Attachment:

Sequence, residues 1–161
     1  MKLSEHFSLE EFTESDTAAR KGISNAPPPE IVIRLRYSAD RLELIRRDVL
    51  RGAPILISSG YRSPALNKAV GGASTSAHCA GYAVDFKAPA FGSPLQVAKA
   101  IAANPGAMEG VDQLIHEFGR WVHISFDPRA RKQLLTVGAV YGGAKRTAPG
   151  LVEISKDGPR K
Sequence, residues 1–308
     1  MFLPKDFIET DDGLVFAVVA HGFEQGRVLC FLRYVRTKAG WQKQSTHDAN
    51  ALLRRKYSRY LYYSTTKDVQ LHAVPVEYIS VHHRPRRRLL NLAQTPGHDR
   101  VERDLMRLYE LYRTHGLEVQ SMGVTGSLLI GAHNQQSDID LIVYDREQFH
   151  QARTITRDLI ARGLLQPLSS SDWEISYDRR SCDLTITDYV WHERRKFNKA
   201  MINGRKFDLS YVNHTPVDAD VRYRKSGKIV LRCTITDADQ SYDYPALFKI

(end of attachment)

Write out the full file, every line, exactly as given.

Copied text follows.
Sequence, residues 1–161
     1  MKLSEHFSLE EFTESDTAAR KGISNAPPPE IVIRLRYSAD RLELIRRDVL
    51  RGAPILISSG YRSPALNKAV GGASTSAHCA GYAVDFKAPA FGSPLQVAKA
   101  IAANPGAMEG VDQLIHEFGR WVHISFDPRA RKQLLTVGAV YGGAKRTAPG
   151  LVEISKDGPR K
Sequence, residues 1–308
     1  MFLPKDFIET DDGLVFAVVA HGFEQGRVLC FLRYVRTKAG WQKQSTHDAN
    51  ALLRRKYSRY LYYSTTKDVQ LHAVPVEYIS VHHRPRRRLL NLAQTPGHDR
   101  VERDLMRLYE LYRTHGLEVQ SMGVTGSLLI GAHNQQSDID LIVYDREQFH
   151  QARTITRDLI ARGLLQPLSS SDWEISYDRR SCDLTITDYV WHERRKFNKA
   201  MINGRKFDLS YVNHTPVDAD VRYRKSGKIV LRCTITDADQ SYDYPALFKI